23 Students Fatally Poisoned by Pesticides in India
Twenty-three students in India were fatally poisoned last week by school lunches contaminated with organophosphate-based pesticides. The children—all between the ages of five and 12—immediately became ill after eating a meal of rice and potato curry in Chapra, located in the impoverished eastern state of Bihar, India. Twenty-four other children and the school cook are being treated at Patna Medical College and Hospital.
“It seems organophosphorus was mixed in the food,” said Dr. Amarkant Jha Amar. “The quantity was huge, which is why we’ve seen such devastating effects.”
According to the National Centers for Disease Control and Prevention, organophosphates are the most common pesticide in the U.S. An estimated 73 million pounds of the chemical was sprayed on American crops in 2001.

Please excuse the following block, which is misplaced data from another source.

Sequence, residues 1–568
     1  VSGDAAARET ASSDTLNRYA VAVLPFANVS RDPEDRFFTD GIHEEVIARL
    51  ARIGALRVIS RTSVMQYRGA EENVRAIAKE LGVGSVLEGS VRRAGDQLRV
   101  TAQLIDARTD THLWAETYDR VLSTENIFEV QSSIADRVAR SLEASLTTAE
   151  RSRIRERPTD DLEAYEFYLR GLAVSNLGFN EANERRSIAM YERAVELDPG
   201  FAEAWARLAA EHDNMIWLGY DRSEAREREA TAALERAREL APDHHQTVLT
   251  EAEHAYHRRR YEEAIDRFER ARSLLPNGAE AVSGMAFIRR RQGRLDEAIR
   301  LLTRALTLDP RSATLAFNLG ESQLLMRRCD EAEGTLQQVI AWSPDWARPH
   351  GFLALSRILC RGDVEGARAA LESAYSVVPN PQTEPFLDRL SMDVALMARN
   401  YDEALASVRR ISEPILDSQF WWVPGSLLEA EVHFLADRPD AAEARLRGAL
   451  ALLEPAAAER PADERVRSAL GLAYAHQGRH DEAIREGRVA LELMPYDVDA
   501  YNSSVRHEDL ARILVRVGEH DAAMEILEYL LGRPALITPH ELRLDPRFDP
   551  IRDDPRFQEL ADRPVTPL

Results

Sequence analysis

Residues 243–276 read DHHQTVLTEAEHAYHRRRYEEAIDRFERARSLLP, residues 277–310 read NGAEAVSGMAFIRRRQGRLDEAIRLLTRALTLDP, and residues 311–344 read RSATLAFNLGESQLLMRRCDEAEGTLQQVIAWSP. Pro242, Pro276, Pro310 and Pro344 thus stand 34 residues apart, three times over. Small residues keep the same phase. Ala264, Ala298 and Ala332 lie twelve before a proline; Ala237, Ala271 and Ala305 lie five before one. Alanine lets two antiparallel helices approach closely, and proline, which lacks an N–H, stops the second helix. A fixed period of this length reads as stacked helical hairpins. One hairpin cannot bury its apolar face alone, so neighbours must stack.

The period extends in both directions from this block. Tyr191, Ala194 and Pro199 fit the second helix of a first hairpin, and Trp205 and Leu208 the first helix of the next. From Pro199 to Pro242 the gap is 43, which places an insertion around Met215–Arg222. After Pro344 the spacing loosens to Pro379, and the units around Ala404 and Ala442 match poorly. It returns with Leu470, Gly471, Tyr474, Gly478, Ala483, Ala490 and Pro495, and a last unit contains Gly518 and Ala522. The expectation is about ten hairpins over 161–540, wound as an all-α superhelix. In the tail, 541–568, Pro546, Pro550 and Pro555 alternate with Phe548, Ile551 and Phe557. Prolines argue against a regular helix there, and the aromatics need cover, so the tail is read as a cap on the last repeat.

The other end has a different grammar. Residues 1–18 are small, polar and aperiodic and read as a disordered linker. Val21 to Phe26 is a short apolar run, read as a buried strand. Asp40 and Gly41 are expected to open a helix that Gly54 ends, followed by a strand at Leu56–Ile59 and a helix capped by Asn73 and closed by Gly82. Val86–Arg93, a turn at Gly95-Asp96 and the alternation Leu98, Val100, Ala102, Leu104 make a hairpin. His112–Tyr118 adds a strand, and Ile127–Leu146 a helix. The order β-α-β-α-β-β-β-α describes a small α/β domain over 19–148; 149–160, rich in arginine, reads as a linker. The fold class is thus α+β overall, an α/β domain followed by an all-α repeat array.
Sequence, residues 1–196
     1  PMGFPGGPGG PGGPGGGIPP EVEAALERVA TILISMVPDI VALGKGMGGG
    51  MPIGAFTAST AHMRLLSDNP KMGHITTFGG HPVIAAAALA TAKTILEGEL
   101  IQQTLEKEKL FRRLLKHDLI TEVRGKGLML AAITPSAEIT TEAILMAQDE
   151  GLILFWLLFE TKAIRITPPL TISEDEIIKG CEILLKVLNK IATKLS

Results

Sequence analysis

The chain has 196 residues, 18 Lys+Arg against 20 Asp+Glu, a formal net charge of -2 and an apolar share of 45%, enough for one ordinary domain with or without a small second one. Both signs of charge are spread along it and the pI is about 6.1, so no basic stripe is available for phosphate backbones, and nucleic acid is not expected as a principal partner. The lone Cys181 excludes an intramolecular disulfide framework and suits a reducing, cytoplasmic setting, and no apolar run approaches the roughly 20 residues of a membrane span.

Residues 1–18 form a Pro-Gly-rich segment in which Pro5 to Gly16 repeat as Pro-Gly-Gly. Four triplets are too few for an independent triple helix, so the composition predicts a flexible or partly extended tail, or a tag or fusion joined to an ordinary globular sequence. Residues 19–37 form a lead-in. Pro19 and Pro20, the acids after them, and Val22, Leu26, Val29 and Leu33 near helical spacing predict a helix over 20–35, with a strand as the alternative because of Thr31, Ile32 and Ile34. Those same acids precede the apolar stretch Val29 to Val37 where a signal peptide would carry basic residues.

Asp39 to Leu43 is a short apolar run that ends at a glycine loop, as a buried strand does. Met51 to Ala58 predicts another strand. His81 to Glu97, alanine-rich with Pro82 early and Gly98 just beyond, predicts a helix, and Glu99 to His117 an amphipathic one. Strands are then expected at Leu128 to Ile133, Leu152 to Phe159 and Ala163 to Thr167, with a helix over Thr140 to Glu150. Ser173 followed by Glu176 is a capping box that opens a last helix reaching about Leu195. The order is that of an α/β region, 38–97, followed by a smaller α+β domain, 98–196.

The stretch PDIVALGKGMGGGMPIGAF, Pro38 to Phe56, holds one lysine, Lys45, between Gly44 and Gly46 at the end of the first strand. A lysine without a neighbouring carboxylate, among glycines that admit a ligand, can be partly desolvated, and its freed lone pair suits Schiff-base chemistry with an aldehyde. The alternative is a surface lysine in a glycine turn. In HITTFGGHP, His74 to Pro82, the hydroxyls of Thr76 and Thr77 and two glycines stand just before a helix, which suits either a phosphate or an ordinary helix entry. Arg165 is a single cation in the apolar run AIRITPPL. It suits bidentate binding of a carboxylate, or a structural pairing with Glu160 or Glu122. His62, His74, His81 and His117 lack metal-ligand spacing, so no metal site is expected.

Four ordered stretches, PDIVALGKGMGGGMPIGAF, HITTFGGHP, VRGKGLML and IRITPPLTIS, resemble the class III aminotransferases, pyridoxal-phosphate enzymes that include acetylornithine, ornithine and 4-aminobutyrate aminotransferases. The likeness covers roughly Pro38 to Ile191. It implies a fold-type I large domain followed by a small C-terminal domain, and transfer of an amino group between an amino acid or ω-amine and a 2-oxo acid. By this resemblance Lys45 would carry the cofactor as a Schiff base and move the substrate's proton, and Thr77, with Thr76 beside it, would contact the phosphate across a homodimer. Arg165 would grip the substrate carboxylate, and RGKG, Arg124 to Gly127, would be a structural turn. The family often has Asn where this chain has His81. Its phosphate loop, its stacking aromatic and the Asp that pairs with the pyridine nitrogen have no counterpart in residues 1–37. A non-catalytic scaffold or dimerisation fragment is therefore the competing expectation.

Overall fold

According to authorities, the school cook notified the school principal that the oil used for food preparation seemed unusual, but the principal told the cook to use it anyway. The principal fled the school as children started to become sick.
The school lunches were provided as part of the federally-funded Mid-Day Meal Scheme, intended to provide nutrition for India’s poorest children. The program feeds approximately 120 million school children.
As the people of Chapra begin the mourning process, authorities continue to investigate the causes of this tragedy.